The FAA has postponed until November 29 the compliance deadline for a controversial flight standards handbook bulletin that addresses aircraft configuration and maintenance programs for aircraft operated under Part 135.
The bulletin reiterates that Part 135 aircraft certified for at least 10 seats must adhere to more stringent maintenance and operational standards required by FAR Part 135.411 (a)(2) than those aircraft with nine or fewer seats, which can use the less demanding 135.411(a)(1). Some operators had been meeting the nine or fewer standard by simply cordoning off seats or placarding them as unusable.
But the new handbook bulletin– issued for the principal maintenance inspector, principal avionics inspector and principal operations inspector–states that any reduction of the passenger seating configuration can be accomplished only through an STC or an amendment to the type certificate.
Both the National Air Transportation Association (NATA) and the Aircraft Electronics Association raised concerns about the bulletin, and they successfully lobbied the FAA to delay the compliance date. Before the delay, operators were expected to bring the aircraft into conformity with the bulletin within 30 days. If the operator elected to obtain an STC for seat removal, that process would have begun within the 30-day window.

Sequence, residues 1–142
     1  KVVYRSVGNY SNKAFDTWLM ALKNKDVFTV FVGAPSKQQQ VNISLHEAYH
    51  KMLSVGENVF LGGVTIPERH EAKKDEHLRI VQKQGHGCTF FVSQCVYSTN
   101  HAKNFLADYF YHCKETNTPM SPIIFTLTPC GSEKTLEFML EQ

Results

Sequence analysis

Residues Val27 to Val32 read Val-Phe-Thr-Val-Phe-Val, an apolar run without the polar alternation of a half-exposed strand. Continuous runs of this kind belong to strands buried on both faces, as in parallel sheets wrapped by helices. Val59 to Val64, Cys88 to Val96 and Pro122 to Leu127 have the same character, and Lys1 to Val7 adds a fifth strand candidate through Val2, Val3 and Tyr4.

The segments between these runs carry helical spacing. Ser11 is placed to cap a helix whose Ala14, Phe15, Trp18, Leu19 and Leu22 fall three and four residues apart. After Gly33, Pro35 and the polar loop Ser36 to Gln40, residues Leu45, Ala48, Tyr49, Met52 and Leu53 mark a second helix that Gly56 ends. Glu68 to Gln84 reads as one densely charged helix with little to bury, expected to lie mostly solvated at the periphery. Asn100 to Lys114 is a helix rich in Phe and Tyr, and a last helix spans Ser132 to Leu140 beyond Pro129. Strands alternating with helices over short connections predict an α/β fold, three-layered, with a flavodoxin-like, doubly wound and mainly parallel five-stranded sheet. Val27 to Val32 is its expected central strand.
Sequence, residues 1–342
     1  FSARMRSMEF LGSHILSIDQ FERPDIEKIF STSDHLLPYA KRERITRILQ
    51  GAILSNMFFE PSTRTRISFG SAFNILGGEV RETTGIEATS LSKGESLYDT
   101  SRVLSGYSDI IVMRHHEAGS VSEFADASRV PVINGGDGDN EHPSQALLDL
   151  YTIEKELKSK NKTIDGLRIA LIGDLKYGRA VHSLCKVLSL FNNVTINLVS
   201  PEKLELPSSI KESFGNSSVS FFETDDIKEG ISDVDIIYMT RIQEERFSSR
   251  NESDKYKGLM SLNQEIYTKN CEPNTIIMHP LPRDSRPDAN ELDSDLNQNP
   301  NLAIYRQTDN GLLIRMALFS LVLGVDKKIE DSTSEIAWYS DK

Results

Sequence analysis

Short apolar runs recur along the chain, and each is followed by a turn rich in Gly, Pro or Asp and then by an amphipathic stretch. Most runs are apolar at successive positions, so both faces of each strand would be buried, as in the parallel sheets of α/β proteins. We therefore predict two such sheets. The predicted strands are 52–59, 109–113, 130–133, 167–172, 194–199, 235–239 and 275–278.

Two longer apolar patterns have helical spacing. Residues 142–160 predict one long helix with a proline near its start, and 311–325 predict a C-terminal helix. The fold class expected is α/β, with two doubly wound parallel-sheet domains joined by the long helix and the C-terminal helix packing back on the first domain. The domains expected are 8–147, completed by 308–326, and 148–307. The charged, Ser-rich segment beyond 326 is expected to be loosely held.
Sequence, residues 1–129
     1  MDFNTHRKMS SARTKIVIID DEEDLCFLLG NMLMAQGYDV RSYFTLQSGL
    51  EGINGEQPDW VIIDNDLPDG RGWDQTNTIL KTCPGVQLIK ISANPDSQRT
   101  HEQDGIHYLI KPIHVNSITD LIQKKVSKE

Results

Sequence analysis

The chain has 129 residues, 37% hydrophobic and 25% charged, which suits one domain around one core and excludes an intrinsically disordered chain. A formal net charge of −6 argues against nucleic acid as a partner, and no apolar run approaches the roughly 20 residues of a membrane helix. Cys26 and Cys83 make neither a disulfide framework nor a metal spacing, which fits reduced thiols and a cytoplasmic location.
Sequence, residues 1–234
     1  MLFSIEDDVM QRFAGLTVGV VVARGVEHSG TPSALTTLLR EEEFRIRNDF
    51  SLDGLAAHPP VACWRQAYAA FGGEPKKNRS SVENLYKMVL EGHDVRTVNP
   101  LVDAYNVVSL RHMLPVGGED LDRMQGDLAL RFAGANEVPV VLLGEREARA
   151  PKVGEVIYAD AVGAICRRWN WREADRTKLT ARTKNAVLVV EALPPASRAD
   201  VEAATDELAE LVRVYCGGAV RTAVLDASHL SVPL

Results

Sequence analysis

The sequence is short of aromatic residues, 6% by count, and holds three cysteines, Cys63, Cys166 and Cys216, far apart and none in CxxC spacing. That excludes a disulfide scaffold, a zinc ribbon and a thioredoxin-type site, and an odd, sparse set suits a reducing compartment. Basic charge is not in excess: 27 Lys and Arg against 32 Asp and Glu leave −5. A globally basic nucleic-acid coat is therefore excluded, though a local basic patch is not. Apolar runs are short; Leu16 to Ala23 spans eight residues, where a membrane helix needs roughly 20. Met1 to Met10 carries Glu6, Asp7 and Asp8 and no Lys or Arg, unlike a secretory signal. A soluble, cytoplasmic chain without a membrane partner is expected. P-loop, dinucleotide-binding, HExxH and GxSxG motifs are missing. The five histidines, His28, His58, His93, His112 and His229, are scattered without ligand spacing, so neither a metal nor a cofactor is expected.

On October 8, NATA met with several charter operators and the FAA’s Flight Standards Service. The meeting concluded with the FAA agreeing to consider the association’s concerns before making a final decision about the continued implementation of the handbook bulletin.
The FAA had said it issued the bulletin to prevent inconsistencies between FSDOs in determining maintenance requirements for Part 135 aircraft, but some operators argue it is “rulemaking by handbook bulletin.” The agency said it determined that the inconsistencies are from the lack of clarity in current guidance as it pertains to STC or “other approved data” that reduce/restrict the seating capacity for aircraft to nine or fewer passenger seats. The aircraft’s type-certified passenger configuration is the configuration as indicated in the TC or STC.